SGSRSchool of Graduate Studies and Research (various locations)
SGSRSociety for General Systems Research
SGSRStarvation-Induced General Stress Resistance (microbiology)
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References in periodicals archive ?
After all, the SGSR was founded as a part of the American Association for the Advancement of Science (AAAS), with a number of SGSR presidents also serving as presidents for the AAAS.
The General Systems Yearbook has been published by the Society for General Systems Research (hereafter SGSR) since 1958, now having 26 annual volumes [86].
It did stimulate a series of conscious internal criticisms of the field which have lately taken the form of Guest Editorials by Miller [68], Wilson [136] and Troncale [118] in the SGSR's quarterly General Systems Bulletin.
This can also be observed to be generally the case up to 1984 if one examines either the Yearbooks of the SGSR or its Annual Proceedings.
Wide recognition goes to an array of science and research colleagues, most of whom served as presidents and/or board members of SGSR and ISSS during or after my own term in presidential office and later in the board of distinguished advisors.
In Proceedings of SGSR Conf., Washington D.C., Jan.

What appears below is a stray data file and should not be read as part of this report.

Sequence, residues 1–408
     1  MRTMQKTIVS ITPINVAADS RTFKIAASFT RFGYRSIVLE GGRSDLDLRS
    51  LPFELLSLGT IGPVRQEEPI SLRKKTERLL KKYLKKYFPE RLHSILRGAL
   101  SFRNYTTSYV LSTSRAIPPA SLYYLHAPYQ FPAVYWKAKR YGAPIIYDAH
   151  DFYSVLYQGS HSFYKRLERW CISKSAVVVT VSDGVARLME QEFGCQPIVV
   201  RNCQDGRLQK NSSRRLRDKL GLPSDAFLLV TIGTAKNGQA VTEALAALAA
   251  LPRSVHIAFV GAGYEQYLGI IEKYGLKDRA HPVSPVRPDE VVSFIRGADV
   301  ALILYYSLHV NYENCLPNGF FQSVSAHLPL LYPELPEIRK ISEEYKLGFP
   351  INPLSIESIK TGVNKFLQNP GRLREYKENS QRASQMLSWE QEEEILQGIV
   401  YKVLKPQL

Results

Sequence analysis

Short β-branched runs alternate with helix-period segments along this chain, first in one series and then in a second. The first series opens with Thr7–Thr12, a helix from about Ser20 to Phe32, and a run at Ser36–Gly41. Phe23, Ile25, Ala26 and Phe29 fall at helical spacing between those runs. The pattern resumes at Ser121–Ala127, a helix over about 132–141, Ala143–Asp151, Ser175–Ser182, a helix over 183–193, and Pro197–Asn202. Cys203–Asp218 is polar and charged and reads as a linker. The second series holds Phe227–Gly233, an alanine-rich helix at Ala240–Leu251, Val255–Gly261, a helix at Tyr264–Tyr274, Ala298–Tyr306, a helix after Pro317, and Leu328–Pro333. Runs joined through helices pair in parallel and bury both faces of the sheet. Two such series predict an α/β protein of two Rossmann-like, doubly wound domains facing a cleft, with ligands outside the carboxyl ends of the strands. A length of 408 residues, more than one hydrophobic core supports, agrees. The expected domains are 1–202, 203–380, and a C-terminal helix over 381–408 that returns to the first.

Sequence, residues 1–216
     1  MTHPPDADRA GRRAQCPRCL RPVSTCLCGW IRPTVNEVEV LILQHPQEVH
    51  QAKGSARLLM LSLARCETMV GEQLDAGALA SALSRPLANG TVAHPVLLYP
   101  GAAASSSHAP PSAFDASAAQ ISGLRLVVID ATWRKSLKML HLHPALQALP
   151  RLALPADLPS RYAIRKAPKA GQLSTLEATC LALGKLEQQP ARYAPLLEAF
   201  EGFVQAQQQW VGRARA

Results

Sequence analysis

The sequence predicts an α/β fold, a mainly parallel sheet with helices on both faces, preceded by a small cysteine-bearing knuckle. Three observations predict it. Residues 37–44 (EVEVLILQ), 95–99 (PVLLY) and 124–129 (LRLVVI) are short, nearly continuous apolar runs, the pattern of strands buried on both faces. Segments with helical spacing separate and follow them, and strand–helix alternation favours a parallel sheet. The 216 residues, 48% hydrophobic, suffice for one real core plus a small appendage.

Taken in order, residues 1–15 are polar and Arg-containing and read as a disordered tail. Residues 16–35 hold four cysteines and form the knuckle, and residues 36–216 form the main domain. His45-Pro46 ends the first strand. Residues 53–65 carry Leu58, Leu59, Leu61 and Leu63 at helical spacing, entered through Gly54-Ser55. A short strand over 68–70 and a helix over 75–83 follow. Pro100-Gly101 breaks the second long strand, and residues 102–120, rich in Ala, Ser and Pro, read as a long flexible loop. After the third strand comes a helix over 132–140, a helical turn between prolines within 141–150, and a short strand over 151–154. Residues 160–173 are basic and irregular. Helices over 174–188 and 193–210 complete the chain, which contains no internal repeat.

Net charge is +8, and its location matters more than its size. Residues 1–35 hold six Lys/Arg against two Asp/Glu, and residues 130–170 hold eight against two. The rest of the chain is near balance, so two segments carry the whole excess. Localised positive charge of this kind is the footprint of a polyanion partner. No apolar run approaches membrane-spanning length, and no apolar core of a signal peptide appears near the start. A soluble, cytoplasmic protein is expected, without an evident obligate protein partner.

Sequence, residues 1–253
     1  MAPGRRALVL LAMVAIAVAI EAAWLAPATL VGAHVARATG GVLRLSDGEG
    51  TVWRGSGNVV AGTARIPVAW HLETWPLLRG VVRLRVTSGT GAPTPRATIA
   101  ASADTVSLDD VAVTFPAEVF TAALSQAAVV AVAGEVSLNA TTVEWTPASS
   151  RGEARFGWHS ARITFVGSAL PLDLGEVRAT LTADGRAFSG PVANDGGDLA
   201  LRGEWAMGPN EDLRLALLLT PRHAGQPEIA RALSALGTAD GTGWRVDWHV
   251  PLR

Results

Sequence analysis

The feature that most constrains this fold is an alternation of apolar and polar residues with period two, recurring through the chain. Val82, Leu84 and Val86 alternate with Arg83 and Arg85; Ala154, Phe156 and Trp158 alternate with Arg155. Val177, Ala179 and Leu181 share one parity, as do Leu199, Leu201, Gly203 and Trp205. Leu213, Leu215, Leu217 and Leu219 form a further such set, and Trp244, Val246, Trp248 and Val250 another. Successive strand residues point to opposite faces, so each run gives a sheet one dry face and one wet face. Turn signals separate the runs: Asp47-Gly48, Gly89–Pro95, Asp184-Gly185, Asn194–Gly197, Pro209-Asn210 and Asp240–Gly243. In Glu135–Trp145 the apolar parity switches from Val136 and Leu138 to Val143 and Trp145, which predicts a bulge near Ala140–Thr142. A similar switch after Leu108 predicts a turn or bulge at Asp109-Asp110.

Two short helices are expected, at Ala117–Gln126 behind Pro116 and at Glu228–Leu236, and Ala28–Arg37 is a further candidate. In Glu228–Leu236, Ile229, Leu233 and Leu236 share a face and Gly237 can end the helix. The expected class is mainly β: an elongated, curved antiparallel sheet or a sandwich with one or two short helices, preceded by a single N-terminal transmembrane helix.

From the address in the most recent volume (1988), I tried to track down the office of the society and was eventually directed to Linda Peeno, then Managing Director of the International Society for the Systems Sciences (ISSS, formerly SGSR), in Louisville, Kentucky.
One of the research fellows at the institute had been a graduate student in the 1950s, working with Miller, Gerard, and Rapoport during the early years of SGSR; he told some enlightening tales of that era.
Margaret Mead is recognized as one of the founders of SGSR, although she was not involved with the original planning at CASBS, and I decided not to include her in my own thesis, as her contribution to the field of cybernetics and systems has been well documented by Steve Heims (1991).
Although I disagree with some of Richardson's interpretations, particularly as they relate to the founders of the SGSR, his distinctions reflect a similar tension between the concepts of control and self-organization.
In reflecting on the context of the founding of the SGSR, as well as the motivations of the original founders, it is useful to consider the goals for the Center for Advanced Study in the Behavioral Sciences (CASBS), where the idea for the society was first proposed in the fall of 1954.